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Anti-U.S. base activist lashes out at tactics used in Okinawa

  • April 5, 2017
  • , The Asahi Shimbun
  • English Press

A prominent anti-U.S. base activist recently released after five months in custody accused authorities of strong-arm tactics to suppress freedom of expression.


“I felt that long-term detention was meant to intimidate Okinawans,” said Hiroji Yamashiro, chairman the Okinawa Peace Movement Center, in a recent interview with The Asahi Shimbun.


The southernmost prefecture hosts 70.6 percent of all U.S. military installations in Japan.


Yamashiro, 64, was arrested late last year on suspicion of causing injuries during a protest, along with forcible obstruction of business. He faces two other counts and is now on trial.


His release on March 18, with bail set at 7 million yen ($63,000), came after a group of 41 academics specializing in criminal law issued a statement calling for his early delivery from confinement on grounds his detention was “baseless.”


Amnesty International Japan added its voice to the criticism of long-term detention in January.


Yamashiro was first arrested last October on suspicion of causing damage to property by cutting barbed wire near a construction site for a U.S. military helipad in the vicinity of the Takae district of Higashi, a village in the north of the prefecture. The wire was strung around the site by the Defense Ministry’s Okinawa branch.


“I will fully testify during my trial, but I just cut a piece of wire that had hooked barbed wire on a tree branch,” he said. “I simply could not believe at that time that I would be detained for days for such a trivial matter.”


Three days later, the Naha Summary Court dismissed a request for further detention. But that same day, police rearrested him on suspicion of causing injuries to a Defense Ministry employee, accusing him of using excessive force when he grabbed the individual by the arm during a protest. He also faced other accusations.


Yamashiro was arrested yet again Nov. 29.


He admitted to causing criminal damage, but remained silent on other issues during questioning.


“Increasingly, people are being arrested because police are getting more aggressive and, to top it all, claiming that suspects ‘conspired,’” he said.

Yamashiro said he sensed that police may have felt emboldened by proposed legislation to make conspiracy a criminal offense.


“I was so terrified that I could not speak (during questioning),” he said.

During his first two months and half of detention, Yamashiro said police interrogated him every day.


“They repeatedly asked me, ‘Will you stop going to Henoko?’” he said, referring to the district in the city of Nago where anti-U.S. military demonstrators were congregating.


A Japanese government project is under way off Henoko to build a new base to take over the functions of the U.S. Marine Corps Air Station Futenma in Ginowan, also in Okinawa, based on a bilateral agreement.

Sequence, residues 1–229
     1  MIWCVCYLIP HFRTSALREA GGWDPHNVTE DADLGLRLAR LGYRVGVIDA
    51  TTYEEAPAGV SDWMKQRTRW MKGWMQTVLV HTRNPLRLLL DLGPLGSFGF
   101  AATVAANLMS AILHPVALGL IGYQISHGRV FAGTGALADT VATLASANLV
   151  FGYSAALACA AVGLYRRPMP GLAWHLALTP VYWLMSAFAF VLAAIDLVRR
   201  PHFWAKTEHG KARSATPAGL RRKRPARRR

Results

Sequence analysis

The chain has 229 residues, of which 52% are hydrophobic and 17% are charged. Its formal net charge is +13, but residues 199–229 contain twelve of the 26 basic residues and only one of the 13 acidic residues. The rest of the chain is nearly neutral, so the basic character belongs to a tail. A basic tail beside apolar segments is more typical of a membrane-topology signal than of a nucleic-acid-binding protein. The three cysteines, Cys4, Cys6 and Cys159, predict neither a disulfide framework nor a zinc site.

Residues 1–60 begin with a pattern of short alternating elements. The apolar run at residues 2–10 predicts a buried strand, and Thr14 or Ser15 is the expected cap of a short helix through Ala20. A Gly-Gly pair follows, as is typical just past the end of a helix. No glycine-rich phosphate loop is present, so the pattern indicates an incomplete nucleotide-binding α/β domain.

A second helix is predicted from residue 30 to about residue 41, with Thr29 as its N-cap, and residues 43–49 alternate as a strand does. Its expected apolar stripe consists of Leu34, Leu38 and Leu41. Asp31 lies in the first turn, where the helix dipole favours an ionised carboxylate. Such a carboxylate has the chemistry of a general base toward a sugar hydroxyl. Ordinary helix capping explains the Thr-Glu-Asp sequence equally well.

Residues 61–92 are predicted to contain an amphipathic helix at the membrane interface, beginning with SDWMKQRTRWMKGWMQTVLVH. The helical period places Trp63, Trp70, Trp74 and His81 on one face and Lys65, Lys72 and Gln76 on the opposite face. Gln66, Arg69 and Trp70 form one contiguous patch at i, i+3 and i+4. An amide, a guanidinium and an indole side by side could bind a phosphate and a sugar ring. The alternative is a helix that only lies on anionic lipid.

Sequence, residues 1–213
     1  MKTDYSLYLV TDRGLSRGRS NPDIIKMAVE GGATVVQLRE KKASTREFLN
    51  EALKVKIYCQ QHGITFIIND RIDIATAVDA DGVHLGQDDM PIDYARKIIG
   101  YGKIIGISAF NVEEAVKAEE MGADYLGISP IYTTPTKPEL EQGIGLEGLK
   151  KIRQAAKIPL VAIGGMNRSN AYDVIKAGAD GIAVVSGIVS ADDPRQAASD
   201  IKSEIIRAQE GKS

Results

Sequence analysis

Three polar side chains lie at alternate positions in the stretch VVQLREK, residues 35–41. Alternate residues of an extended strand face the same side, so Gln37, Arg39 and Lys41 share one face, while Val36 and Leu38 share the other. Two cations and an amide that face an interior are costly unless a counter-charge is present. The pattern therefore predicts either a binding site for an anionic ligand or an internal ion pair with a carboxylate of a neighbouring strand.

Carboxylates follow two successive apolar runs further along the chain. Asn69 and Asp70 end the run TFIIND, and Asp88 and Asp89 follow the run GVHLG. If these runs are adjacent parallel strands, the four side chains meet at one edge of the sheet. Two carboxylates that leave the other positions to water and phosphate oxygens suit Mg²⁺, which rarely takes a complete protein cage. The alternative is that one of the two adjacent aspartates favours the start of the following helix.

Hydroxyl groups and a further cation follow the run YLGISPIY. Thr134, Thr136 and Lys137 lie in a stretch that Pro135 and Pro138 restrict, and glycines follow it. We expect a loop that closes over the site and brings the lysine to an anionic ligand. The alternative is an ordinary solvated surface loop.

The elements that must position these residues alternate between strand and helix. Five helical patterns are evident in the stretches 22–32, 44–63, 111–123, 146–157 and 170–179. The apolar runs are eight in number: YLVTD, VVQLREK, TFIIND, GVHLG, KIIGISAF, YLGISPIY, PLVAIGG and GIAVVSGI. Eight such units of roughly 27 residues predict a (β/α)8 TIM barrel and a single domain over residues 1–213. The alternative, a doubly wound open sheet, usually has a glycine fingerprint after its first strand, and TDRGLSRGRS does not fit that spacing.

“I was under tremendous pressure, but staging a sit-in is demonstrating my position,” he said. “It was out of question for me to say that I will never go.”

Yamashiro hails from what is now Uruma city in the south of Okinawa’s main island.


He grew up listening to tales of the bloody 1945 Battle of Okinawa that his father often recounted. Okinawa has served as the main U.S. military bulkhead in Japan ever since. Crimes by U.S. military personnel remain a festering sore.


Residents opposed to the Futenma relocation began staging daily sit-ins in front of the U.S. military’s Camp Schwab in July 2014 before the government began a drilling survey. Camp Schwab is in the vicinity of the site where a new airfield will be constructed to relocate the Futenma base.


The civil demonstrations reached the 1,000th milestone on April 1.


The gatherings have also drawn criticism. Some claim online that demonstrators “are paid to assemble” or “most of the demonstrators are from outside Okinawa Prefecture.” Others brand them a “violent mob.”

But Yamashiro refutes the accusations.


“We don’t have any money at all,” he said. “It is true that people from outside Okinawa, as well as foreigners, have joined us occasionally. But the protests would not have lasted this long without the participation by ordinary Okinawans. The 1,000 days of demonstrations attest to the fact that the remarks swirling on the Internet are all lies.”


During demonstrations, riot police are brought in to remove protesters. One time, Yamashiro laid bricks to prevent officers from clearing protesters, which led to his indictment for forcible obstruction of business.


“I could not bear what I saw, with more than 100 riot police and people screaming,” he said.


Yamashiro has harsh words for the authorities. He says they are wholly to blame for injuries suffered by protesters, many of whom were rushed to hospitals in ambulances for treatment.


Yamashiro has a question for people on Japan’s mainland.


“Is it unacceptable to lay my own life on the line for opposing construction of a U.S. military base?” he asked. “If sentiment against such behavior is spreading on the mainland, I wonder who are senseless, we Okinawans or people on the mainland.”

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